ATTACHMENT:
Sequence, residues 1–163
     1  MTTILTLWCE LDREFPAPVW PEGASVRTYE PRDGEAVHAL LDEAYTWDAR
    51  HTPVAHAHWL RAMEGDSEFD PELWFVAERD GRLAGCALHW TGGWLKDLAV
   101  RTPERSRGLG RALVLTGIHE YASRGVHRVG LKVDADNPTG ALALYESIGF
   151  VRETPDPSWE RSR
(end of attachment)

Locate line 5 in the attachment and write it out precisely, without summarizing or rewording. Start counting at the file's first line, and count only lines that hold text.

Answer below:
   151  VRETPDPSWE RSR